The Preacher's Complete Homiletic
ON THE FIRST AND SECOND BOOKS OF THE
By the REV. GEORGE BARLOW
Author of the Commentaries on the Psalms (121-130), Lamentations, Ezekiel, Galatians, Ephesians, Philippians, Colossians, Thessalonians, Timothy, Titus, and Philemon
FUNK & WAGNALLS COMPANY
LONDON AND TORONTO
ON THE BOOKS OF THE BIBLE
WITH CRITICAL AND EXPLANATORY NOTES, INDEXES, ETC., BY VARIOUS AUTHORS
No pains have been spared to make this volume a thoroughly usable and suggestive Homiletic Commentary on the two Books of Kings. Every available work bearing on the subject has been consulted and made to contribute its choicest passages, either in exposition or illustration. What every explorer in this field must have discovered before, the homiletical material on the Books of Kings is exceedingly scanty, and there are many paths the writer has been compelled to traverse alone, and for the first time, so far as any known literary record bears evidence. The remark of the Rev. C. H. Spurgeon, in his valuable little work on Commenting and Commentaries, has been often painfully realized: "We have next to nothing on the Books of Kings."
The student will readily detect the plan on which the work has been carried out. Each chapter is prefaced by "Critical and Explanatory Notes," which elucidate any word or sentence in the original text thought to be of use and value to the exegete. These "Notes" are from the practised pen of the Rev. W. H. Jellie, the author of the scholarly and elaborate Commentary on JEREMIAH in this series. The paragraph on which the main homily is constructed consists of as many verses as contain a complete subject. For the "Germ Notes," this paragraph is again minutely scrutinized, and every verse, or part of a verse, that suggests matter for homiletic treatment, is utilized, together with any outline, or pithy and illustrative comment, from other sources.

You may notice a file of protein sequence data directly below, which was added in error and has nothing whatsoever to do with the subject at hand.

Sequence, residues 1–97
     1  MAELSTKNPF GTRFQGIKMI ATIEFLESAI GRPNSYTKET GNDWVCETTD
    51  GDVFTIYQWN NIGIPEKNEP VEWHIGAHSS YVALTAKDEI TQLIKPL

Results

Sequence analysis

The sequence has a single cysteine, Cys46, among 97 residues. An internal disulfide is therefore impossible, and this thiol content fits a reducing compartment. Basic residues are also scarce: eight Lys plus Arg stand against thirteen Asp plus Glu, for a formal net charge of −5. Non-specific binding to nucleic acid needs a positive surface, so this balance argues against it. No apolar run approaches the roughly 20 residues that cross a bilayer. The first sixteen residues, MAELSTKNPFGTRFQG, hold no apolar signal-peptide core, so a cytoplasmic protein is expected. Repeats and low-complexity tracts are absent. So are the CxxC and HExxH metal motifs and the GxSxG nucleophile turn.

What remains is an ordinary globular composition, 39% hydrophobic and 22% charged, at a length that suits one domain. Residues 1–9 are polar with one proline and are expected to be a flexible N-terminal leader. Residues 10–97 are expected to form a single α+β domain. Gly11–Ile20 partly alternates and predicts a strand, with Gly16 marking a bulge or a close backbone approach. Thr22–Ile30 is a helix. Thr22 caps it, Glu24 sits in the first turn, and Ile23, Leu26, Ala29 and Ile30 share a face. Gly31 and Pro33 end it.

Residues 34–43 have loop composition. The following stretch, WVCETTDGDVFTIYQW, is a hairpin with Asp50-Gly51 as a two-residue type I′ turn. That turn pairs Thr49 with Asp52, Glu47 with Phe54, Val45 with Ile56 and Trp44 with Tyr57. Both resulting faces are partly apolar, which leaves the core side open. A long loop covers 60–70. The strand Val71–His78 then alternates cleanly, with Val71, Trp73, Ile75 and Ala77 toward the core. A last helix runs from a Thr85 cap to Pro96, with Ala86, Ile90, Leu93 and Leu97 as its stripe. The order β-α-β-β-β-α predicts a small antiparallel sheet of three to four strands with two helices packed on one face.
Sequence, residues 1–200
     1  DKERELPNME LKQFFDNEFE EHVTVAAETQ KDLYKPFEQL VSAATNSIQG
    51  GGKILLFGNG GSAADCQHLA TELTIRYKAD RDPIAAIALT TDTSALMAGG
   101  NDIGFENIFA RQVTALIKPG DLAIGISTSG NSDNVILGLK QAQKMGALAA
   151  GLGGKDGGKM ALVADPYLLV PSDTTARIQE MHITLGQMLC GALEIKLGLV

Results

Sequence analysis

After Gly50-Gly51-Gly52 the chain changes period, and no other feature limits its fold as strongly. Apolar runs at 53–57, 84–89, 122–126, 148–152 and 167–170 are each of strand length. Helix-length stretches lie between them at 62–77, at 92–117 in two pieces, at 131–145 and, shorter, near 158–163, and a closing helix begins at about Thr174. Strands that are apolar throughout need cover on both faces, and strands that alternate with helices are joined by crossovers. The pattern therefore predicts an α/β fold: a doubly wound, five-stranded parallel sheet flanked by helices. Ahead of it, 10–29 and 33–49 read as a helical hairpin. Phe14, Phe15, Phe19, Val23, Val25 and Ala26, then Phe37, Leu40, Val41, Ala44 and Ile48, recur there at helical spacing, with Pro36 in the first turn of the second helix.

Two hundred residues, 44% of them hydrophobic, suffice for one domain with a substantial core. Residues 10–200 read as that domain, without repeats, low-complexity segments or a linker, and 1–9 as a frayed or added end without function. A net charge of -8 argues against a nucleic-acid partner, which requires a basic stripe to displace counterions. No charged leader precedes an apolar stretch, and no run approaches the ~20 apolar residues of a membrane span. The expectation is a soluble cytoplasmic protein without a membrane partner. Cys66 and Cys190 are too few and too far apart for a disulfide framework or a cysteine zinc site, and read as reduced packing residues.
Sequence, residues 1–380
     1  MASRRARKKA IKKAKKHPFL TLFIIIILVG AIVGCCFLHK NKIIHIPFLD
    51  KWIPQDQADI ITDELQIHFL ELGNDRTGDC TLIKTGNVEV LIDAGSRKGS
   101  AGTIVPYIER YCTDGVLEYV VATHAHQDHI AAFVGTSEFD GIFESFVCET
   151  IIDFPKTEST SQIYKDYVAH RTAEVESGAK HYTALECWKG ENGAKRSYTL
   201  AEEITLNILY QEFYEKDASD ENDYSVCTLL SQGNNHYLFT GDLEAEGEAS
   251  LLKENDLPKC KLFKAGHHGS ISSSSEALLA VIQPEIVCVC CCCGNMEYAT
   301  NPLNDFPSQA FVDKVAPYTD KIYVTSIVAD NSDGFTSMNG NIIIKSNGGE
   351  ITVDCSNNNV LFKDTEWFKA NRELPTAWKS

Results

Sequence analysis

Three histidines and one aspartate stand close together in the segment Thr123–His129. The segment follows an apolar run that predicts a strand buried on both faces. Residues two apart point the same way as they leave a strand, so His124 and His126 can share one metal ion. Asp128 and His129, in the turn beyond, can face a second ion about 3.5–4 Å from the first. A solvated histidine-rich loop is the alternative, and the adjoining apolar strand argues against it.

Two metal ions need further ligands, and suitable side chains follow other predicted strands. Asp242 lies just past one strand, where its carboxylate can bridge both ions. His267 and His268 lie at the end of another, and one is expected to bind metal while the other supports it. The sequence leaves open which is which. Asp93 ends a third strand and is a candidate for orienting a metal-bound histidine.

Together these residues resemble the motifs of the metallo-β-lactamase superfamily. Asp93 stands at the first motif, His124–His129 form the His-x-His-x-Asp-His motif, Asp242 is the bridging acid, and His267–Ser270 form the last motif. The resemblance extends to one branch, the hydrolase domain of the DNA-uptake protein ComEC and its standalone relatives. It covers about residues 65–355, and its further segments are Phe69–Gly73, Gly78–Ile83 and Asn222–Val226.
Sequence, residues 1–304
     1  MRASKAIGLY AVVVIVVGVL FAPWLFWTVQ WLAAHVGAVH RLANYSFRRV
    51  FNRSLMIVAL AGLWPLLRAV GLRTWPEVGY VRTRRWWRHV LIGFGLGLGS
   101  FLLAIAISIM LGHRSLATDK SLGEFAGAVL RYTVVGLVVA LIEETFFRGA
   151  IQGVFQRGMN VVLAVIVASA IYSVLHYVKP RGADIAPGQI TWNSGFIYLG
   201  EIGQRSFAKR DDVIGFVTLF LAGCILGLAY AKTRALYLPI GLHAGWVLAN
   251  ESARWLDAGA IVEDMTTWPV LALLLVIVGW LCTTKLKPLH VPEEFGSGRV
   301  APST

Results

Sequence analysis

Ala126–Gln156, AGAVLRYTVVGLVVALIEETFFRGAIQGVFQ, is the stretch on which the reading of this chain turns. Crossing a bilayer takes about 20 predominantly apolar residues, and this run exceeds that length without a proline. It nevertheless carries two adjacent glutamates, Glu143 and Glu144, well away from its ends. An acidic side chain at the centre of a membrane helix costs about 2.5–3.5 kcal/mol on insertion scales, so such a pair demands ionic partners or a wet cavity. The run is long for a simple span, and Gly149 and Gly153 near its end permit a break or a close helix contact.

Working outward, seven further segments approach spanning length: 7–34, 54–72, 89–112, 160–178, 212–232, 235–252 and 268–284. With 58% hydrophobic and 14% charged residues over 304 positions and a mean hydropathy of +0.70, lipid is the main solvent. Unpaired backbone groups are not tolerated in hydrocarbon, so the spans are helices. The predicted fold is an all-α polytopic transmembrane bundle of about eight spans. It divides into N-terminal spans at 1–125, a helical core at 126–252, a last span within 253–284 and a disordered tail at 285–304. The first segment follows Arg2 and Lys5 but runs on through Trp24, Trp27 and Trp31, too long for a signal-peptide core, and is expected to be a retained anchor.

The practical aim has been to bring together, within the smallest compass, as much homiletical material on the subject of the paragraph as will be suggestive to the thoughtful sermonizer in working out his own original composition.
Of the seven hundred and forty-three outlines, brief or more extended, contained in this Commentary, one hundred and eighty-seven are from the pens of other writers. In every case where the author's name is not appended, the outline is original.
Among the principal works consulted in the progress of this Commentary are:—Lange's Commentary on the Books of Kings (written by Dr. E. Harwood and W. G. Sumner, B.A.); Keil's Commentary on Kings; Whedon's Commentary (by Milton S. Terry, A.M.); Dr. R. Jamieson's Critical and Experimental Commentary; The Speaker's Commentary; Trapp's Commentary; Pool's Annotations; Dr. Kitto's "Daily Bible Illustrations"; Maurice's "Prophets and Kings"; Bishop Halt's "Contemplations"; Stanley's "Jewish Church"; and Geikie's "Hours with the Bible."
In the prosecution of this work, the constant effort has been to seize and develop the moral teaching interwoven with the details of the history, to show how the fluctuations of national prosperity and disaster were conditioned on the fidelity or treachery of God's covenant people, and to apply the lessons derived from the Divine treatment of the Israelites to the national life of to-day. Thus viewed, the history becomes not a mere desiccant record of facts, but pulses with life and meaning.
FIRST BOOK OF KINGS
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Exell, Joseph S. "Commentary on 1 Kings". Preacher's Complete Homiletical Commentary. https://www.studylight.org/
the Second Week after Epiphany